Tuesday, April 28, 2015

7th Circuit Court Rules Bans on ‘Assault Weapons’ Can Be Based on Feelings

Via Joe

AR15 Black Rifle Assault Weapon

In a stunning 2-1 decision published today that upheld a City of Highland Park, Illinois ordinance (§136.005 of the City Code) that prohibits the possession of so-called “assault weapons” and “large‐capacity magazines,” Seventh Circuit Cout of Appeals Judge Frank Easterbrook held that
[a]nother constitutional principle is relevant: the Constitution establishes a federal republic where local differences are cherished as elements of liberty, rather than eliminated in a search for national uniformity. McDonald circumscribes the scope of permissible experimentation by state and local governments, but it does not foreclose all possibility of experimentation. Within the limits established by the Justices in Heller and McDonald, federalism and diversity still have a claim. Whether those limits should be extended is in the end a question for the Justices. Given our understanding of existing limits, the judgment [of the trial court, which held that the gun control ordinance was constitutional] is AFFIRMED.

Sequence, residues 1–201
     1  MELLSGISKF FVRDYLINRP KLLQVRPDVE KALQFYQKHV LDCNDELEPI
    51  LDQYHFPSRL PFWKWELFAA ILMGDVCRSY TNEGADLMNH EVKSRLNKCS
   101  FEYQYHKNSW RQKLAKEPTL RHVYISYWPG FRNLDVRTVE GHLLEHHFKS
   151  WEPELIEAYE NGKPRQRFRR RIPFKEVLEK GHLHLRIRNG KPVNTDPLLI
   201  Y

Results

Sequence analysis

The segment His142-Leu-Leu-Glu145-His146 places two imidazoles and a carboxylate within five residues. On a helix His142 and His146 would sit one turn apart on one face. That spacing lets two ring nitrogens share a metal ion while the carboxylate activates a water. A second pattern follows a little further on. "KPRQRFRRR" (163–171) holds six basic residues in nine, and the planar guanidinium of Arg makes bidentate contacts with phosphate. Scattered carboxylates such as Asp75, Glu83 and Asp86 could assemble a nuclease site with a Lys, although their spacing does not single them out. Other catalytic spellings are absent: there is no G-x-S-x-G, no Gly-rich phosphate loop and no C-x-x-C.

Adding insult to injury, the majority found that “[i]f a ban on semi‐automatic guns and large‐capacity magazines reduces the perceived risk from a mass shooting, and makes the public feel safer as a result, that’s a substantial benefit.”

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  1. I always though Heller was a less than desirable ruling but anyway....

    OBVIOUSLY this should not be a case for Federal courts it is a matter for the Illinois state court and their Constitution. And by the way that Constitution states clearly "SECTION 24. RIGHTS RETAINED
    The enumeration in this Constitution of certain rights
    shall not be construed to deny or disparage others retained
    by the individual citizens of the State.
    (Source: Illinois Constitution.)" That of course means there is NO power granted ANY Illinois court or government the right to restrict firearm ownership or possession thereof.